The Frequently Asked Questions or FAQ page is a convention that has been around since the early days of the web. It is a page that lists common questions and their answers in an easily scannable format.

Although the FAQ page seems to have become a little less popular recently, there are some very good reasons why you should consider including one:

  • it provides helpful information, quickly
  • it can save you from answering the same queries over and over
  • it demonstrates your authority
  • it is great for search engine visibility

But no one has asked any questions!

A frequently asked questions page doesn’t need to be made up of real questions that your customers have actually asked. If you struggle with your FAQ, it might help to think of it as a way of highlighting lesser known features of your product or service. While looking for the answer to questions they do have, your customers might be happy to find answers to questions they hadn’t even thought of asking.

E-commerce sites are prime candidates for FAQ pages. Your FAQ is a great place to quickly and simply lay out all of your ordering, payment, shipping and returns information. But really, any kind of business that has customers could find an FAQ page useful.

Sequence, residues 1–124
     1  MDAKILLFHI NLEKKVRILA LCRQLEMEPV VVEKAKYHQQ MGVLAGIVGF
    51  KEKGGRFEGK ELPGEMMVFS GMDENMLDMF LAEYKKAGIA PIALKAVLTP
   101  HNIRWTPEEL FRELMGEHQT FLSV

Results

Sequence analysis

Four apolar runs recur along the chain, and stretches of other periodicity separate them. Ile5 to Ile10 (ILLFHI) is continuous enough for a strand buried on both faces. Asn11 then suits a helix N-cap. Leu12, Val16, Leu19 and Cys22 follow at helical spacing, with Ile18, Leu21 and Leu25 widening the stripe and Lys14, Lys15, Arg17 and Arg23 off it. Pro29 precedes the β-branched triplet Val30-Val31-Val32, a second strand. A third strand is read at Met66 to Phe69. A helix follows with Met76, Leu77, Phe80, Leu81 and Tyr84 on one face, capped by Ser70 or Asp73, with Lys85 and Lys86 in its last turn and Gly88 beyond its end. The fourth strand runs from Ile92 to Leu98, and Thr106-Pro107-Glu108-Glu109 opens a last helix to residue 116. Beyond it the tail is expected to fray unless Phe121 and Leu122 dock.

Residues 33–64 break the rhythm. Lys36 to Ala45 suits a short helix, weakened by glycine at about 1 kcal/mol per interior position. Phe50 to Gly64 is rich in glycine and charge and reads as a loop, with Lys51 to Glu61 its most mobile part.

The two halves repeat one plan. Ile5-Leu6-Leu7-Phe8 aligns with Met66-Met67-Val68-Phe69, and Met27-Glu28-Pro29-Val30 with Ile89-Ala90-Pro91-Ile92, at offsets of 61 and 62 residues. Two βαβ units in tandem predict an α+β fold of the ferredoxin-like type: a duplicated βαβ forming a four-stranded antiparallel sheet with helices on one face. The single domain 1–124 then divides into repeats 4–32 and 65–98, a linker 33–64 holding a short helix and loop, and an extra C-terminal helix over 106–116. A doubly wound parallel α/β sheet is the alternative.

Advantages of an FAQ page

Your Frequently Asked Questions page can be:

  • a place to direct customer enquiries
  • a way to establish yourself or your company as an authority in your field
  • a way of highlighting lesser-known facts about your product or service
  • a useful page of content to be indexed by search engines, especially when many searchers phrase their queries as questions
  • a resource for other sites to link to – again, fantastic for your search engine visibility

Keeping it real

While the questions in your FAQ don’t need to be real questions that you have been asked, if they don’t have a ‘ring of truth’ to them—like something a real consumer of your product or service would ask—they will seem fake and contrived.

For example:

Good: Does Product X support Feature Y?

Not so good: Is it true that Product X is absolutely the best solution available on the market for Problem Z?

Start collecting

You’ll need at least four or five questions to make a reasonable FAQ page. If you receive customer enquiries by email, or you have them recorded another way, start going through them to see if there’s anything that could be appropriate for inclusion.

Or, start thinking about your product or service and work out what cool or innovative aspects of them are under-represented in your website content. What do you wish your customers would ask you?

I bet that if you think about it, you’ll find a goldmine of great ideas for your Frequently Asked Questions page.